Solos: A Dataset for Audio-Visual Music Analysis - Related work

8 Jun 2024


(1) Juan F. Montesinos, Department of Information and Communications Technologies Universitat Pompeu Fabra, Barcelona, Spain {};

(2) Olga Slizovskaia, Department of Information and Communications Technologies Universitat Pompeu Fabra, Barcelona, Spain {};

(3) Gloria Haro, Department of Information and Communications Technologies Universitat Pompeu Fabra, Barcelona, Spain {}.

The University of Rochester Multi-Modal Music Performance Dataset (URMP) [1] is a dataset with 44 Multi-instrument video recordings of classical music pieces. Each instrument present in a piece was recorded separately, both with video and high-quality audio with a stand-alone microphone, in order to have ground-truth individual tracks. Although playing separately, the instruments were coordinated by using a conducting video with a pianist playing in order to set the common timing for the different players. After synchronization, the audio of the individual videos was replaced by the high-quality audio of the microphone and then different recordings were assembled to create the mixture: the individual high-quality audio recordings were added up to create the audio mixture and the visual content was composited in a single video with a common background where all players were arranged at the same level from left to right. For each piece, the dataset provides the musical score in MIDI format, the high-quality individual instrument audio recordings and the videos of the assembled pieces. The instruments present in the dataset, shown in Figure 1, are common instruments in chamber orchestras. In spite of all its good characteristics, it is a small dataset and thus not appropriate for training deep learning architectures.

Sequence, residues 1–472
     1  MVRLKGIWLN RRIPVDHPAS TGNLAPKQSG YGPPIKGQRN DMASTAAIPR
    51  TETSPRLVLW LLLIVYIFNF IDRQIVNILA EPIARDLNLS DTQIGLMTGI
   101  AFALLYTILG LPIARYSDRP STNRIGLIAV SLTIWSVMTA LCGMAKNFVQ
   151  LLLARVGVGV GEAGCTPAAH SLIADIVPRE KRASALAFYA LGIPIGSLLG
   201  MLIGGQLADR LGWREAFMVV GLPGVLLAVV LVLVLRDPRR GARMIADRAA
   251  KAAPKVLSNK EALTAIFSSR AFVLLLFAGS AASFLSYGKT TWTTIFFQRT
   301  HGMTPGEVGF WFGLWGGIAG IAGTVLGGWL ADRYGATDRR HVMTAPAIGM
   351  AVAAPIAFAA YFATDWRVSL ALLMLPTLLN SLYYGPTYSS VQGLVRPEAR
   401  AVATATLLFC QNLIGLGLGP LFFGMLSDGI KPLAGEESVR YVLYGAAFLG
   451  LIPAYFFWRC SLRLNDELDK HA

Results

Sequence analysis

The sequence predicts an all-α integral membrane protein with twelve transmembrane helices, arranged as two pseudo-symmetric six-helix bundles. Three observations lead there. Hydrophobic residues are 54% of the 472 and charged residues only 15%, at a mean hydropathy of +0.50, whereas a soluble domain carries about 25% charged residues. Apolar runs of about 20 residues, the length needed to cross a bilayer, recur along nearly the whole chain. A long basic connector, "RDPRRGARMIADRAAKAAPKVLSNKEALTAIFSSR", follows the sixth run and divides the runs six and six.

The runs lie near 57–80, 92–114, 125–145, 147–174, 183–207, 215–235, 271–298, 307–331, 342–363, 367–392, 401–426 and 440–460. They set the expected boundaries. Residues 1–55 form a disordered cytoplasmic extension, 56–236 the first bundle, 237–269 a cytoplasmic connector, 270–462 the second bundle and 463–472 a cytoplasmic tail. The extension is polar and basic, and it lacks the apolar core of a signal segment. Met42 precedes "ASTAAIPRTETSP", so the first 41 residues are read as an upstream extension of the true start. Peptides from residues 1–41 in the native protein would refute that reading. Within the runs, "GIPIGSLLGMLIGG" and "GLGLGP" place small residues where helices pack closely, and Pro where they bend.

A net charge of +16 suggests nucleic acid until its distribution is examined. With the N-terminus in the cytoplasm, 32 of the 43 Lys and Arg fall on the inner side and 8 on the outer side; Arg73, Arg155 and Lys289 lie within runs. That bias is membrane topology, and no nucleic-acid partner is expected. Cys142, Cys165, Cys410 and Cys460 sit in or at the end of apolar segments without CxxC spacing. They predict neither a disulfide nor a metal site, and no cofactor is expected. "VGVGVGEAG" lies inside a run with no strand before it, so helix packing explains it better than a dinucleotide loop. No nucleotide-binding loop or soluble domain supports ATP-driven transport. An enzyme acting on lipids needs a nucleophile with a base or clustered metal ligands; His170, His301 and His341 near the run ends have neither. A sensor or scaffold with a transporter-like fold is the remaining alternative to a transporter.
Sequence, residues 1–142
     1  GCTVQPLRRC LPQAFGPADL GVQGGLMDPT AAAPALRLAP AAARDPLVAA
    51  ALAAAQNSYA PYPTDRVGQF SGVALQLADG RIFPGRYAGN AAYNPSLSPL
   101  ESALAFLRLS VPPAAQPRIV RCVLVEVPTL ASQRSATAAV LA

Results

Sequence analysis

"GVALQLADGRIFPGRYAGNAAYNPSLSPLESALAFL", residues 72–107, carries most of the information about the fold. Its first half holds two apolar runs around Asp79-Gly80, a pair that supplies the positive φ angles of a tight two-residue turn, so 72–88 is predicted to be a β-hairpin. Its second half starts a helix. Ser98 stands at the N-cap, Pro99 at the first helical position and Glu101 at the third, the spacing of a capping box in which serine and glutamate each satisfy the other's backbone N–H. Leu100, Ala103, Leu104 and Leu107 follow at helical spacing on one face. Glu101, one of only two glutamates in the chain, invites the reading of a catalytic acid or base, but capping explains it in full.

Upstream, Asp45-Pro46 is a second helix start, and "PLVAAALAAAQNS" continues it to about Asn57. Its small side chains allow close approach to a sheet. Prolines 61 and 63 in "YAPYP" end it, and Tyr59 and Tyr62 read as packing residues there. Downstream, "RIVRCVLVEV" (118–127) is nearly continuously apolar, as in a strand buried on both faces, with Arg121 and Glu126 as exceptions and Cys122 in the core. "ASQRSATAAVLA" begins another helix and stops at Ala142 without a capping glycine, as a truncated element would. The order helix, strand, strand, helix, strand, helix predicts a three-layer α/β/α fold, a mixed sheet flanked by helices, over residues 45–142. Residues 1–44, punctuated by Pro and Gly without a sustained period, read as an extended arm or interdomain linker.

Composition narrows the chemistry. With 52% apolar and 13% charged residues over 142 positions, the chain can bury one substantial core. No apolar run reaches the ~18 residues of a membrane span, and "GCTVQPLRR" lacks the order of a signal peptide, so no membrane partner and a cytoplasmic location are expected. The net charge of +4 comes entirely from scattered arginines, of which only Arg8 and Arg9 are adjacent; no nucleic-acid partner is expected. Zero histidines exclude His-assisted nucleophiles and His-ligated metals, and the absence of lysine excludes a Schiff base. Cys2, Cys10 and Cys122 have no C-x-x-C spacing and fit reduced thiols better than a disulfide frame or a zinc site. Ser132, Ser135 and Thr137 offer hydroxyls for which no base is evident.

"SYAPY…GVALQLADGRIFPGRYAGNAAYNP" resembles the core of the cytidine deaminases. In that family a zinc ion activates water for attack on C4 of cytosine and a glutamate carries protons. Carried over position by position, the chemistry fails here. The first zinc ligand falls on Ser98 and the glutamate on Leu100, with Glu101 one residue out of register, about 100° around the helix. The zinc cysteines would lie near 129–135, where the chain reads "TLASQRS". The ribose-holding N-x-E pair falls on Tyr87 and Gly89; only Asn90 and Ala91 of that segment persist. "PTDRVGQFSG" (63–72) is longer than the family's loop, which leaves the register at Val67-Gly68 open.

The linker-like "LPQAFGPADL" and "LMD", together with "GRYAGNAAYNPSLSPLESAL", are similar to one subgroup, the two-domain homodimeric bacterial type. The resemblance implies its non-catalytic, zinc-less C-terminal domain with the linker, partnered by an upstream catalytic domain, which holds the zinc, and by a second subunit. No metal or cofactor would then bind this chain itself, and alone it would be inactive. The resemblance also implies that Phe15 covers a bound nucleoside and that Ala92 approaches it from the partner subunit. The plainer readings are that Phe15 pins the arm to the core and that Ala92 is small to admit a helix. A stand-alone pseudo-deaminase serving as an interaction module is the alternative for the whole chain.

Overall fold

Two other datasets of audio-visual recordings of musical instruments performances have been presented recently: Music [23] and MusicES [31]. Music consists of 536 recordings of solos and 149 videos of duets across 11 categories: accordion, acoustic guitar, cello, clarinet, erhu, flute, saxophone, trumpet, tuba, violin and xylophone. This dataset was gathered by querying YouTube. MusicES [31] is an extension of MUSIC to around the triple of its original size with approximately 1475 recordings but spread in 9 categories instead: accordion, guitar, cello, flute, saxophone, trumpet, tuba, violin and xylophone. There are 7 common categories in MUSIC and Solos: violin, cello, flute, clarinet, saxophone, trumpet and tuba. The common categories between MusicES and Solos are 6 (the former ones except clarinet). Solos and MusicES are complementary. There is only an small intersection of 5% between both, which means both datasets can be combined into a bigger one.

We can find in the literature several examples which show the utility of audio-visual datasets. The Sound of Pixels [23] performs audio source separation generating audio spectral components which are further smartly selected by using visual features coming from the video stream to obtain separated sources. This idea was further extended in [20] in order to separate the different sounds present in the mixture in a recursive way. At each stage, the system separates the most salient source from the ones remaining in the mixture. The Sound of Motions [19] uses dense trajectories obtained from optical flow to condition audio source separation, being able

Fig. 1. Solos and URMP instrument categories. Image adapted from [1].

even to separate same-instrument mixtures. Visual conditioning is also used in [18] to separate different instruments; during training, a classification loss is used on the separated sounds to enforce object consistency and a co-separation loss forces the estimated individual sounds to produce the original mixtures once reassembled. In [17], the authors developed an energy-based method which minimizes a Non-Negative Matrix Factorization term with an activation matrix which is forced to be aligned to a matrix containing per-source motion information. This motion matrix contains the average magnitude velocities of the clustered motion trajectories in each player bounding box.

Recent works show the rising use of skeletons in audiovisual tasks. In Audio to body dynamics [29] authors show it is possible to predict skeletons reproducing the movements of players playing instruments such as piano or violin. Skeletons have proven to be useful for establishing audio-visual correspondences, such as body or finger motion with note onsets or pitch fluctuations, in chamber music performances [21]. A recent work [32] tackles the source separation problem in a similar to Sound of Motions [19] but replacing the dense trajectories by skeleton information.

This paper is available on arxiv under CC BY-NC-SA 4.0 DEED license.